May 26, 2010

National Sorry Day – Australia
This Australian event is held each year to express regret for the historical mistreatment of Australia's indigenous peoples.

On this day in 1997, a report was formally given to the Australian government about the horrible practice of taking children away from indigenous families. (The children who were taken from their families and made wards of the state are now called the Stolen Generations.)

In Australia, there are concerts, barbecues, lunches, teas, and other gatherings, media statements and speeches, flag-raising and candle-lighting ceremonies, reconciliation walks, and so forth. People sign “sorry books” as a way of showing their commitment towards reconciliation, and local indigenous Australian elders are invited to speak to students. There are even essay competitions for school children.

It's a good day for non-Australians to learn about the indigenous peoples of Australia.

The two main groups of indigenous Australians are Aboriginal people and Torres Strait Islanders. Nowadays t
he word aboriginals is less common, because each group prefers to be called by its own specific name.

People came to Australia at least 40,000 years ago—perhaps as far back as 125,000 years ago!—and they spread over the mainland, nearby islands, and Tanzania.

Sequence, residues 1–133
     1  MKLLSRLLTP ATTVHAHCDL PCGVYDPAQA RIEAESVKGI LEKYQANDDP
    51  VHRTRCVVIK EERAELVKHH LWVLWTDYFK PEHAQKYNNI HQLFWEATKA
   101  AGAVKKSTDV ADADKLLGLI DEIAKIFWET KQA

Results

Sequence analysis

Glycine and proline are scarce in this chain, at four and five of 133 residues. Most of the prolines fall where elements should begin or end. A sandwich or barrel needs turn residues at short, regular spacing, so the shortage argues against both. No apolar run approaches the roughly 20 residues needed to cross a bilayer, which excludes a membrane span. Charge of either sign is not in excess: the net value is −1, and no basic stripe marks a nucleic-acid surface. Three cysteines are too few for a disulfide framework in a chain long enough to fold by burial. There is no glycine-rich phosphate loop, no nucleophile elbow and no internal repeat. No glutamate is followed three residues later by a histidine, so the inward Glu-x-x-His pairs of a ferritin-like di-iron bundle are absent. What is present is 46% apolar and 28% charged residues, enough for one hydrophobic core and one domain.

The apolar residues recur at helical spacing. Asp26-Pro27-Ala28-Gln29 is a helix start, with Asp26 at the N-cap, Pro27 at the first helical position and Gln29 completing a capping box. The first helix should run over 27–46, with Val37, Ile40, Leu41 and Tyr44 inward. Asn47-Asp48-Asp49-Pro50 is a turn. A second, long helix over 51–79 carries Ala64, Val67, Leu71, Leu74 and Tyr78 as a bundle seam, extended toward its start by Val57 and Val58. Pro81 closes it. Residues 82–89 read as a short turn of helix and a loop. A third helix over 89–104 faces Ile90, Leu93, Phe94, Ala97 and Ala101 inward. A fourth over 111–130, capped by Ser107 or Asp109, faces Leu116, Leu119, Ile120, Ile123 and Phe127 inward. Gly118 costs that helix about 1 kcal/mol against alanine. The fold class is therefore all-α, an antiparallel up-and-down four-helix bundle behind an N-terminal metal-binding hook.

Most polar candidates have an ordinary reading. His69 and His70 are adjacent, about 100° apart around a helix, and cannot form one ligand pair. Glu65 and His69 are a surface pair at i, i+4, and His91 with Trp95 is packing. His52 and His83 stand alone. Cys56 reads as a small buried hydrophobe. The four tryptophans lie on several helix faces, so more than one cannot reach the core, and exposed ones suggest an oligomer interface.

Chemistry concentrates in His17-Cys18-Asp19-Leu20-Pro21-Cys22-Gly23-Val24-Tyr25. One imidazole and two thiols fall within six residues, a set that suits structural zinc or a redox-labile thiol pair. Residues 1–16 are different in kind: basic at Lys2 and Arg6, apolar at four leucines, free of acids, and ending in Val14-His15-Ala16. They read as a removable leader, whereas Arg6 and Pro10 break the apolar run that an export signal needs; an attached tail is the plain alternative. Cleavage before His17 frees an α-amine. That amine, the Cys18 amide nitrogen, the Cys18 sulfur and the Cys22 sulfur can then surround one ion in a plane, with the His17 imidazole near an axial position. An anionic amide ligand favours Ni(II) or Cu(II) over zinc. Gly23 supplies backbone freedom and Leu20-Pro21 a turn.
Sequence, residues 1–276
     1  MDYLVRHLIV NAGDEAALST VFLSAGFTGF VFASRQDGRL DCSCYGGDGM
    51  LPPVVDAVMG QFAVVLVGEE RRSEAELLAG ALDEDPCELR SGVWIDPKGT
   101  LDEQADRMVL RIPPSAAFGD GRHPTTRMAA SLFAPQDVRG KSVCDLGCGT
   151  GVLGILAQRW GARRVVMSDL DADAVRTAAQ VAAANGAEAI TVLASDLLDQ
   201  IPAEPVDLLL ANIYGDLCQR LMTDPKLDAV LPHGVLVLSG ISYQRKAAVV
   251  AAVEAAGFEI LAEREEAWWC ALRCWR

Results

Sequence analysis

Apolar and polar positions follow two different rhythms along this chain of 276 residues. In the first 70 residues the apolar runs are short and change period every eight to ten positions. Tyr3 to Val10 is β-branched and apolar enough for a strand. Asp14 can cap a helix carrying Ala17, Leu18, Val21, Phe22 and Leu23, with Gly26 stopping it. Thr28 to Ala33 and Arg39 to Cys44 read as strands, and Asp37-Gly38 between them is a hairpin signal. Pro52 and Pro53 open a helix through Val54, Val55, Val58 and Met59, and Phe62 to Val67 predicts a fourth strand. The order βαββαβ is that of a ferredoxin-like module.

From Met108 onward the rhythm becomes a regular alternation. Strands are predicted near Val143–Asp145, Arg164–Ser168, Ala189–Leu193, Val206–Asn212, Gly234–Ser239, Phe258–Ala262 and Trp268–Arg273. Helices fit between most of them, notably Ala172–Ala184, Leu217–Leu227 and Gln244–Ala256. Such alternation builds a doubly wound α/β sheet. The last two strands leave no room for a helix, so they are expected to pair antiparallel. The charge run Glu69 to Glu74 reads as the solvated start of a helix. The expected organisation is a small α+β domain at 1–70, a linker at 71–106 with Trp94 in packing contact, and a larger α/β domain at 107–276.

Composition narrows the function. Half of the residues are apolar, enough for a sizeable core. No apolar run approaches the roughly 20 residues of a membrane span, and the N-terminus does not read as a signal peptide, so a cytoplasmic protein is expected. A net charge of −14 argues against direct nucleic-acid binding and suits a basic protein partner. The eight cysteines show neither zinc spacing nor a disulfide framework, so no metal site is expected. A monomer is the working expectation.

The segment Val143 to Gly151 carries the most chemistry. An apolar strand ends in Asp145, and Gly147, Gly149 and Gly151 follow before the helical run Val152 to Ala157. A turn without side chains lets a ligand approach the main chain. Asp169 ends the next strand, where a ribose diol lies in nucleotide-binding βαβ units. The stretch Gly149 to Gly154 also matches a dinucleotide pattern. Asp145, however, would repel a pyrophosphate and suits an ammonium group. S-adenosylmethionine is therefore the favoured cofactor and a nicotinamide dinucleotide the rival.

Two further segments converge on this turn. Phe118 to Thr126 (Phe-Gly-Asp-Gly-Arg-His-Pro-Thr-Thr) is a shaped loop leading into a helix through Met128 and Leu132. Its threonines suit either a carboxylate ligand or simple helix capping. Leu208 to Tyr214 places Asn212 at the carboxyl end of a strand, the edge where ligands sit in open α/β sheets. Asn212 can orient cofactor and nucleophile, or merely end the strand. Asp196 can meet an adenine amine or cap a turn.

There is a mix of languages, cultures, and customs among the indigenous groups, and there was even more diversity existed before European settlers started coming. (For example, there were between 250 and 300 languages when Europeans first “discovered” Australia. Today there are about 200 of these languages still in use—but all but 20 are classified as “endangered,” because most aboriginal people use English.)
  • This is a wonderful website with lots of animated Dreaming Stories (“Aboriginal Dreaming Stories Online”). Be sure to try out the games, too!
The Australian Museum website has a similar rich and interesting website chock full of Stories of the Dreaming.
  • Some groups of indigenous Australians use sticks or echidna quills to paint “dreamtime stories” with traditional symbols such as fish, turtles, crocodiles, snakes, kangaroos, and other creatures. Because of the materials they used to paint, they would create pictures with dots.
Study some of the examples of Australian dot art here and here, and of the symbols used in this art here (scroll down). Then create your own pieces using the brush part of a paintbrush for large areas, and the wooden tip of the “wrong” side of the brush for the dots. Be sure to use earth tone colors!
Danielle's Place suggests painting a smooth stone. DLTK directs younger kids to make dot art with Q-tips on paper. And Free Kids' Crafts suggests making masks decorated with dots.
Anything can be decorated in this cool style!
  • Free Kids Crafts also has an interesting video about making an Aboriginal style drawing with a white pen or pencil on colored paper. One of the keys is to represent the spinal chord and inner organs within the outline of the animals, and another is to repeat symbols in a border or space-filling decorations.
One last website--another wonderful source for dot painting!

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